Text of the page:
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Apollo Boilerplate BP-1102A Gallery


One of the signs near the Apollo boilerplate. It reads

Apollo 11 Flotation Collar

When an Apollo command module landed in the ocean, it could settle into one of two stable positions: nose up or nose down. Landing nose down left its recovery antennas underwater and increased the possibility that the spacecraft might flood. To turn the command module upright, three inflatable bags were installed in a forward compartment. In the event of a nose-down landing, astronauts could right the spacecraft by inflating the bags using two air compressors located in the aft (blunt) end of the spacecraft).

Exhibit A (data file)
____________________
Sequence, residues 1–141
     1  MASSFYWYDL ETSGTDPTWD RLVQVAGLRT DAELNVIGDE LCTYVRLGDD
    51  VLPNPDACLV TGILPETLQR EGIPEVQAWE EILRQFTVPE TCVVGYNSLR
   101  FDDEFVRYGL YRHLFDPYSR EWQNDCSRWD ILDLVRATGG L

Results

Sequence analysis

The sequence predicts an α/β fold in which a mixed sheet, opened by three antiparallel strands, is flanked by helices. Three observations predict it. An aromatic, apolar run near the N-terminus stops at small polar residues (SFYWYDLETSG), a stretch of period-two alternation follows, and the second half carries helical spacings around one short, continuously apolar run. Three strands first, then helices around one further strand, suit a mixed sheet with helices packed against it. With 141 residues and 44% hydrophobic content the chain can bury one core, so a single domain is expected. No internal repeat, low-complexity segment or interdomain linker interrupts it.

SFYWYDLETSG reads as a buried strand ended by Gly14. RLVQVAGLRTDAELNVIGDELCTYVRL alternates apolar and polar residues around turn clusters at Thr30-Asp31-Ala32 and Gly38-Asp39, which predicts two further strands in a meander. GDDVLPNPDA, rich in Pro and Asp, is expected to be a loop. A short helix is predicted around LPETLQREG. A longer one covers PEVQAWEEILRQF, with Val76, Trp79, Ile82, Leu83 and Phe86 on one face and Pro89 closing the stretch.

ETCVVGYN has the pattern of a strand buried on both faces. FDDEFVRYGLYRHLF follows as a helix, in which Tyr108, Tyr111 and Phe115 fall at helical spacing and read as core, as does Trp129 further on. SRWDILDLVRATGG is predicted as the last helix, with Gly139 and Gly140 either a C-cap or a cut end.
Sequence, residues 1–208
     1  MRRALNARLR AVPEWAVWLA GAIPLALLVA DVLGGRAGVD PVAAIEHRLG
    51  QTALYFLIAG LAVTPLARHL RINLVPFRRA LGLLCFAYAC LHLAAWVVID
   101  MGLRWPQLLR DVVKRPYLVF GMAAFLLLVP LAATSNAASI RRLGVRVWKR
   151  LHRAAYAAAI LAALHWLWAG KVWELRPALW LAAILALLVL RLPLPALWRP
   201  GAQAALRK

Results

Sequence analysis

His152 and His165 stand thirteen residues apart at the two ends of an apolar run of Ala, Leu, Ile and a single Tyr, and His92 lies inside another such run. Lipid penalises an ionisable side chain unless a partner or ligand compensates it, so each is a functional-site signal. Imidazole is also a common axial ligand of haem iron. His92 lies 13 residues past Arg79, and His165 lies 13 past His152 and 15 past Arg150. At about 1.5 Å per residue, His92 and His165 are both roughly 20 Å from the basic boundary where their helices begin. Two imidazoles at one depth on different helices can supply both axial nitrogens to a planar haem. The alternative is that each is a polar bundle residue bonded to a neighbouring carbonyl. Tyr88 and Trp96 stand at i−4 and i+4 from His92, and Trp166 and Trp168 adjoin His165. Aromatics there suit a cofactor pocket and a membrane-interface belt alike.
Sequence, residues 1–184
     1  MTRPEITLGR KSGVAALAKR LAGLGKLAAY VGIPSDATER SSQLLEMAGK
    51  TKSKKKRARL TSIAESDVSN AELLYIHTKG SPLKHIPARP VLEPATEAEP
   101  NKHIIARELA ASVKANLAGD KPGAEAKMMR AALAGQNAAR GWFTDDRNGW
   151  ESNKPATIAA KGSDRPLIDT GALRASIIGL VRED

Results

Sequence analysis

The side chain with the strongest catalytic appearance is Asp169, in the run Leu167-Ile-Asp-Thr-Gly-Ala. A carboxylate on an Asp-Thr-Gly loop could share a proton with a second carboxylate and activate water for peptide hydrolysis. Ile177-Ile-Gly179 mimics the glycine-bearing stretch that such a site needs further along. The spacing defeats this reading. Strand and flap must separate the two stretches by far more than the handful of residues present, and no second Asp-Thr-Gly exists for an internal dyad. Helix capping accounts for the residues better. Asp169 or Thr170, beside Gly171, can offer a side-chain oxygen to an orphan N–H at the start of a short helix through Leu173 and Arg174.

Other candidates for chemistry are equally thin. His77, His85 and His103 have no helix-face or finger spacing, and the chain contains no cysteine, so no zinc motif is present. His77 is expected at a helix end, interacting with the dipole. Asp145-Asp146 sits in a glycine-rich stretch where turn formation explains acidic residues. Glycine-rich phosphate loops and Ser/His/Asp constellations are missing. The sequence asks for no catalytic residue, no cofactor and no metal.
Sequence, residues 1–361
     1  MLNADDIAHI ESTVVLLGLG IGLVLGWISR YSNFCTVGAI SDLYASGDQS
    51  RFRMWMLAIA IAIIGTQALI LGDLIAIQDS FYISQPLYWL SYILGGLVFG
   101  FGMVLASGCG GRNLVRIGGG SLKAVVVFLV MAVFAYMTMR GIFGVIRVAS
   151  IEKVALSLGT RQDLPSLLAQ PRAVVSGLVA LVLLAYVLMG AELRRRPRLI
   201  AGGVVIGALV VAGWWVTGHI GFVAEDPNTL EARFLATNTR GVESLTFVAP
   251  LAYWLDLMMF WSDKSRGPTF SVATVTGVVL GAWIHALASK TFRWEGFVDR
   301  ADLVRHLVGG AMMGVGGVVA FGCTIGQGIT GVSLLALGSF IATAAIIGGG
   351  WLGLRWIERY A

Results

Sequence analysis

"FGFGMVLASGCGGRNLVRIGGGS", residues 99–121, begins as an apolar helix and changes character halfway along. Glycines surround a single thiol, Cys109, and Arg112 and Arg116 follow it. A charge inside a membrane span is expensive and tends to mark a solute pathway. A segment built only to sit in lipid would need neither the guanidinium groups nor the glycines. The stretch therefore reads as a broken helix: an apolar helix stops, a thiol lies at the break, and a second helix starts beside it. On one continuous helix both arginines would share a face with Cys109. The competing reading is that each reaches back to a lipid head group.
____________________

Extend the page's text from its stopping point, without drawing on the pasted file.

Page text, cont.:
The three flotation bags attached to this command module trainer are the actual bags used on Apollo 11 at the end of its historic lunar landing mission on July 24, 1969. The astronauts deployed them after the command module settled nose down, enabling the spacecraft to right itself about six and a half minutes after splashdown.

Sign accompanying Apollo Boilerplate BP-1102A's uprighting bags flotation bags at Udvar-Hazy Center
Time picture taken Mon Jun 18 13:52:58 2007
Location picture taken Ground Level
James S. McDonnell Space Hangar
Udvar Hazy Center
Chantilly, VA
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